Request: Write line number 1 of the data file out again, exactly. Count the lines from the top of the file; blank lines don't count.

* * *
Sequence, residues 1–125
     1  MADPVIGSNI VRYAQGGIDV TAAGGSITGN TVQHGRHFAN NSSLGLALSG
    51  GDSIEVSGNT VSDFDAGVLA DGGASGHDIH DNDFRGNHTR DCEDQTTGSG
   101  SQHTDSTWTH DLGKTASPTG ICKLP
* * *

Sequence, residues 1–125